We used a jack post to lift the new joists in place. They were ran the entire length of the original joists for maximum stability. Putting the jack on cinder blocks helps to spread the load between two floor joists. Then it's slow work of moving the ceiling up enough to get the new joist in.
Ceiling has been raised! Bathroom floor slope was fixed and the structural integrity of the house had been restored.
Here you can see the old electrical is starting to be removed. The kitchen was completely rewired. The location of the cast iron stink stack made it easier to run plumbing up to the bathroom. That is also where the kitchen sink will go, once again making it easier to run the plumbing.
Added recessed lights. The plumbing cavity was also used to help run new electric to the kitchen.
All new plumbing for kitchen and bathroom. Installed a PEX manifold in the basement and ran PEX throughout the house. This system is nice because it modularizes the plumbing system.
Removing the wall left us with a small cosmetic problem. The ceiling transition is sloped at the corner making it hard to mimic. Cavities on either side of the kitchen/dining room transition were built to serve two purposes. The first being the sloped ceiling and the second being the need for more plumbing cavities.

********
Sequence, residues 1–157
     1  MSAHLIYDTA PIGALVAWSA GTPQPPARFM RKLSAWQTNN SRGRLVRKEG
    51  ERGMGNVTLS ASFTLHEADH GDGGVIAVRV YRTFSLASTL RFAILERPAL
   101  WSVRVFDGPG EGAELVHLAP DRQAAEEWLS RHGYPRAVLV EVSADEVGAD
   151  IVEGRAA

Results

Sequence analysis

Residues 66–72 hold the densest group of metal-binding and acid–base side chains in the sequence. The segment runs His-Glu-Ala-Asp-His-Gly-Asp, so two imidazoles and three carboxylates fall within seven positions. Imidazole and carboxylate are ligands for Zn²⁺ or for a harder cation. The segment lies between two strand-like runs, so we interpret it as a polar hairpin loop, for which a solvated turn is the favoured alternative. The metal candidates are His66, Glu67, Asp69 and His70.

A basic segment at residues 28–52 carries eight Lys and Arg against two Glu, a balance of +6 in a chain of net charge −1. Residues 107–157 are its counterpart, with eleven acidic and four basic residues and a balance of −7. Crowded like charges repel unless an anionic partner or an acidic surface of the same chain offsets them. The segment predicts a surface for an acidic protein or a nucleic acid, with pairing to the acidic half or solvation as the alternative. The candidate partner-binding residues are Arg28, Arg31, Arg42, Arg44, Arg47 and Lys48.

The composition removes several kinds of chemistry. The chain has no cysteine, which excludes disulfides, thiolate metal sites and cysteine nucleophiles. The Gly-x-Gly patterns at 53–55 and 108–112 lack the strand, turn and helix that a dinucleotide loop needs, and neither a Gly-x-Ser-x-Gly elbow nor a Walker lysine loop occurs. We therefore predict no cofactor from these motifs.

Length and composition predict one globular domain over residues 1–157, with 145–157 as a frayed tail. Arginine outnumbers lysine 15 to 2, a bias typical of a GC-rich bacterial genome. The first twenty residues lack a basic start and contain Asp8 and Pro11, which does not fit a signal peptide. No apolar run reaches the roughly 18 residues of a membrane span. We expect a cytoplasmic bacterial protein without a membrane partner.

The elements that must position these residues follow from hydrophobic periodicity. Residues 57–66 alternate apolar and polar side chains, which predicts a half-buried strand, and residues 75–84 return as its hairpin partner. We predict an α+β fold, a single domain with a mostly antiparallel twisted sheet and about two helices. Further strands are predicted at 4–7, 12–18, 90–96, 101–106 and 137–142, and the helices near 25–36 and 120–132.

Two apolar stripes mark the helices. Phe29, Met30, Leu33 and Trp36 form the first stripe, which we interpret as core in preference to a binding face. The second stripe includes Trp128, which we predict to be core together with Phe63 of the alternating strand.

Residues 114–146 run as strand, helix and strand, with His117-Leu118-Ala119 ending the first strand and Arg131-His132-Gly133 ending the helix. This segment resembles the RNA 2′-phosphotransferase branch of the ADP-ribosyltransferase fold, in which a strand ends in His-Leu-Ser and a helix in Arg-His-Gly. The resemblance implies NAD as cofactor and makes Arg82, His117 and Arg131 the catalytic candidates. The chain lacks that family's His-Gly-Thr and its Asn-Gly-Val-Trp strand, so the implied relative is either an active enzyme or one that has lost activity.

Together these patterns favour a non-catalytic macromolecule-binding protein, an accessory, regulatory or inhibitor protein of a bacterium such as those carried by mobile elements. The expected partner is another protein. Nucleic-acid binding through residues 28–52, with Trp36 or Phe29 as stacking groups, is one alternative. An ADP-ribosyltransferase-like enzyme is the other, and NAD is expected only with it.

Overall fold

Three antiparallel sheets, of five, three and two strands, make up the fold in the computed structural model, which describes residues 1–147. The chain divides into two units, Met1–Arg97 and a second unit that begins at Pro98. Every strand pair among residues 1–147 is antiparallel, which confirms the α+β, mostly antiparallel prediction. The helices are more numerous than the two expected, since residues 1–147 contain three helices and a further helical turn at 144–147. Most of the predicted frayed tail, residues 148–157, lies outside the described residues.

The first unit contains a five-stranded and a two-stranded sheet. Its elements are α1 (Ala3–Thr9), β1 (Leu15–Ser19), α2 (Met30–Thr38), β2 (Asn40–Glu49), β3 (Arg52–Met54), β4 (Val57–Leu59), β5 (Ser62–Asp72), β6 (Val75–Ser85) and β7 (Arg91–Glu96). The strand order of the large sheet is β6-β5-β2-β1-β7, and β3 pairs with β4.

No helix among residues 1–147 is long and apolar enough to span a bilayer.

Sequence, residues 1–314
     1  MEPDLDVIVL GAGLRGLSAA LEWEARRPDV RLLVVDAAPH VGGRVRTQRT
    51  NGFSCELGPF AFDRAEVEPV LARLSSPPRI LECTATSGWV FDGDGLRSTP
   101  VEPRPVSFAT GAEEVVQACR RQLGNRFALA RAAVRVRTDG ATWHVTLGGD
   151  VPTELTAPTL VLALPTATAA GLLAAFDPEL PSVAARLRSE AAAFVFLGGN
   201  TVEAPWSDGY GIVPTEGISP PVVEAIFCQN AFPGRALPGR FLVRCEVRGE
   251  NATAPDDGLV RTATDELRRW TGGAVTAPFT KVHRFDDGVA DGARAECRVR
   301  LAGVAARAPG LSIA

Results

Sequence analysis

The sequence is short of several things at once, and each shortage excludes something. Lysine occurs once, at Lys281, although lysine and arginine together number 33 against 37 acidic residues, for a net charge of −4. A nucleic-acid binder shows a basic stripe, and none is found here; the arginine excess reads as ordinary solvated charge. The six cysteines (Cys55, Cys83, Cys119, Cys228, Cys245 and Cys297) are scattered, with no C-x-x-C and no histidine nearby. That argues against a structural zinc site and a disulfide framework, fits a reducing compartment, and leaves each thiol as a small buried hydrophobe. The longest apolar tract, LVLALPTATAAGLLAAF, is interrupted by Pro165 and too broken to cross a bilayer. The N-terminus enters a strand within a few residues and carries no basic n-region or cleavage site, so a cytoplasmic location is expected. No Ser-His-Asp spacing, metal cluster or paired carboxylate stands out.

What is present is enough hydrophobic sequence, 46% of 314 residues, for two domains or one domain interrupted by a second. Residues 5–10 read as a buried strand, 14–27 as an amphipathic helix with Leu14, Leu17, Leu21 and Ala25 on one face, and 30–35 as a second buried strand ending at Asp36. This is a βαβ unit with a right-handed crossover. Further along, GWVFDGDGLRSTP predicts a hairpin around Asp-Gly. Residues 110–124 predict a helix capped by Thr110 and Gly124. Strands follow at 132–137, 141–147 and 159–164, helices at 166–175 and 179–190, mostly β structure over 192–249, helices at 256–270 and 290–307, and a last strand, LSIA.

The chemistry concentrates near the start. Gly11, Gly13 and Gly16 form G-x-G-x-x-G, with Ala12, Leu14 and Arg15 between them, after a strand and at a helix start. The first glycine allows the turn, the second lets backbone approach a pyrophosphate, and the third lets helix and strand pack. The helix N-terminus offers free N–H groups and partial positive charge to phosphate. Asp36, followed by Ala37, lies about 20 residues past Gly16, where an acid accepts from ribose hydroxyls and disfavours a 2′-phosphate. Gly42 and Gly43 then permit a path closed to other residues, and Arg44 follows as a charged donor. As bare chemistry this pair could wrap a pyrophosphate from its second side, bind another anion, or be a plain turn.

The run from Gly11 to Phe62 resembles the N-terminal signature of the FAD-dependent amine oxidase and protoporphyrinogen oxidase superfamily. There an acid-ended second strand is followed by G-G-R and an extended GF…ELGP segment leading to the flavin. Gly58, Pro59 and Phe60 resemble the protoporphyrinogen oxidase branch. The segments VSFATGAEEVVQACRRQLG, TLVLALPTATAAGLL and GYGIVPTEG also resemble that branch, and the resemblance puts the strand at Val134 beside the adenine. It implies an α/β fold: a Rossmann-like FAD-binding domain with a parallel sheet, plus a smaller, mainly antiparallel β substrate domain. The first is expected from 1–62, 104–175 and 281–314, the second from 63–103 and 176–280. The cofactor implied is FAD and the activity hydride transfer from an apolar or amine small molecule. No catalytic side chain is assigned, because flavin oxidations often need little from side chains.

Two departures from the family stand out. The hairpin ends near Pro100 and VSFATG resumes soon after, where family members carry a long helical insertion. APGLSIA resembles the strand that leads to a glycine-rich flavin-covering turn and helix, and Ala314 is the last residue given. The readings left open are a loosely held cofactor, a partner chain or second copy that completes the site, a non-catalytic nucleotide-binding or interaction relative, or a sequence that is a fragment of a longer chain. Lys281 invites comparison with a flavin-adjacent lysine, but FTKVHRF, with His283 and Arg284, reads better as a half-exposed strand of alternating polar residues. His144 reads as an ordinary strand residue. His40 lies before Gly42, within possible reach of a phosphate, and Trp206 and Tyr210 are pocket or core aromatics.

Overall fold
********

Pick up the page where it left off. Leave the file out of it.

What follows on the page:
Ceiling is in and started spackling.
Added electrical for pendant lights that will go over the peninsula. Here the utility cavities are finally able to be covered up with drywall.
Finally, walls that are a solid color! Walls are textured and painted. Floor is getting ready for tile. Wonderboard is laid on a layer of thinset then screwed into the sub floor. Seams are taped and mudded with more thinset. The 2×4 on the ground is where the half-wall is going to be built. This will be the back of the peninsula.
Starting to lay tile. We started from the center and worked out. The walls are not square (house built in 1922) so they do not provide a good guide for tiling. Working from the center means a straighter tile grid in the end. Used a tile scoring tool to make cuts.
Porcelain tile is recommended for floors because it's stronger. We chose a neutral gray that will match the concrete counters.